I was very upset about the reaction to Do the Right Thing and when critics wrote that I was playing upon white fear and this film could start a riot. I mean, they were telling readers to pray to God that this film wouldn't open in a movie theatre near your home. That really hurt us at the box office because it scared a lot of white people out of seeing the film.
Do you ever feel that your films are unfairly ignored by the critics, and that old
chestnut, the Oscars? Sarah
What I do as a filmmaker is not affected by any type of award, and that's not why I make films, so it doesn't bother me. I read some of what the critics have to say, but none of it really affects my choices as a filmmaker.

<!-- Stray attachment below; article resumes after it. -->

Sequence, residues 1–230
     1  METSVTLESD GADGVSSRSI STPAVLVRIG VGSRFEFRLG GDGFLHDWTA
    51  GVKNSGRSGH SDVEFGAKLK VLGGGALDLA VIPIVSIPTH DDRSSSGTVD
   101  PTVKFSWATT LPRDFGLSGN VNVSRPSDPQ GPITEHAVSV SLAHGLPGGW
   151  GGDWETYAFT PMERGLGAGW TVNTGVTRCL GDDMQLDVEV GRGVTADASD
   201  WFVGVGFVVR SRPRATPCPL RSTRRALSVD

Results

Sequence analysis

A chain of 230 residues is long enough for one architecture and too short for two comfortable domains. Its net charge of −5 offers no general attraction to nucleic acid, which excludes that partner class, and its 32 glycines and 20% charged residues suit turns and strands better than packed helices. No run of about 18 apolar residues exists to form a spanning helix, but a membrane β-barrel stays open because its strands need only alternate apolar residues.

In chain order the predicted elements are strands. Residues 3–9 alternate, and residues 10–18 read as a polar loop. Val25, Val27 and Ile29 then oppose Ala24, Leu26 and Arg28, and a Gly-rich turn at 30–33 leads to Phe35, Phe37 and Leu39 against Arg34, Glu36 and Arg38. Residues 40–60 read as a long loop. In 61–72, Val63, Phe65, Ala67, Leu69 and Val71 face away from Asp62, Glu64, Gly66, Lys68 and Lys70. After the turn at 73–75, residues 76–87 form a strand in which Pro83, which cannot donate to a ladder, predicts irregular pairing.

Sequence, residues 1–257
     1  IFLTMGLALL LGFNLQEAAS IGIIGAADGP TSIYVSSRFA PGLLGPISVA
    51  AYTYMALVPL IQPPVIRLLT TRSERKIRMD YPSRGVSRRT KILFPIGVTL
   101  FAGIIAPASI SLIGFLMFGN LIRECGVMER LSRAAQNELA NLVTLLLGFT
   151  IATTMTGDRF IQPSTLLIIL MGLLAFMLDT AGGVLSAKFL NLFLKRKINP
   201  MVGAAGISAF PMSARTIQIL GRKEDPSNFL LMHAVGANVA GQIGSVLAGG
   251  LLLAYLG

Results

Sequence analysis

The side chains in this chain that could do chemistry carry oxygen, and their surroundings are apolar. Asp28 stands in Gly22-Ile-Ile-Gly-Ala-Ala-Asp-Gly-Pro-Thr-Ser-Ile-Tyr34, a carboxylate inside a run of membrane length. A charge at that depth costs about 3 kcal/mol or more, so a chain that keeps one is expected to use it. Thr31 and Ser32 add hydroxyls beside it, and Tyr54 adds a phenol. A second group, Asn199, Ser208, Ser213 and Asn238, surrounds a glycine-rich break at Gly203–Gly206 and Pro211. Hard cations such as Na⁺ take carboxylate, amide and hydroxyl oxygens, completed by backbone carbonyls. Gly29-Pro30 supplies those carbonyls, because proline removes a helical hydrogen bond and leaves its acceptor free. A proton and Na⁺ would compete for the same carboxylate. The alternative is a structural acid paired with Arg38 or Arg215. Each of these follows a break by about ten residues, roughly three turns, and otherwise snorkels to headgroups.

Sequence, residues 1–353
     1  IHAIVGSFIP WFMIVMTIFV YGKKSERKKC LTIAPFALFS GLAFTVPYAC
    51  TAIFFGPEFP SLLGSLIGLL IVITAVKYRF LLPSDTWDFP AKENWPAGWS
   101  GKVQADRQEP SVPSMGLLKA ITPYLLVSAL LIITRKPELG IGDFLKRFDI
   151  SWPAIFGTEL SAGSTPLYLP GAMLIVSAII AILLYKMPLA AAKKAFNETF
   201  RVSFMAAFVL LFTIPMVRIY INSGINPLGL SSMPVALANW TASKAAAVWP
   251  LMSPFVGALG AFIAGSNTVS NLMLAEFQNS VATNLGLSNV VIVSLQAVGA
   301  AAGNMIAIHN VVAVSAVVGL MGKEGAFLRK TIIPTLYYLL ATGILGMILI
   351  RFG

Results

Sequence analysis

The last time you were in Europe, you spoke out against President Bush and the
Iraqi war. Since the US is meant to be the biggest proponent of free speech,
what do you think it says about your country that many have been called
un-American for daring to dissent? Darren Hall
I think it shows how hypocritical some of these leaders can be when they say they're going into Iraq to liberate people from the tyranny of Hussein and bring democracy and freedom and yet, in America, artists have been criticised for exercising their freedom to speak out against the war.
How do you reconcile your stance on human rights with having directed TV
commercials for Nike, who are known to have exploited children in the third
world? Gavin Mayhew
Basically, all the stuff I did for Nike was done before I was even aware of their practices. Also, Philip Knight (CEO for Nike) is a responsible and decent human being and he has worked hard to rectify the working conditions around the world where those sneakers are made. And the situation has been rectified.
What's the most frustrating experience you've endured as a film director? Veronica Lane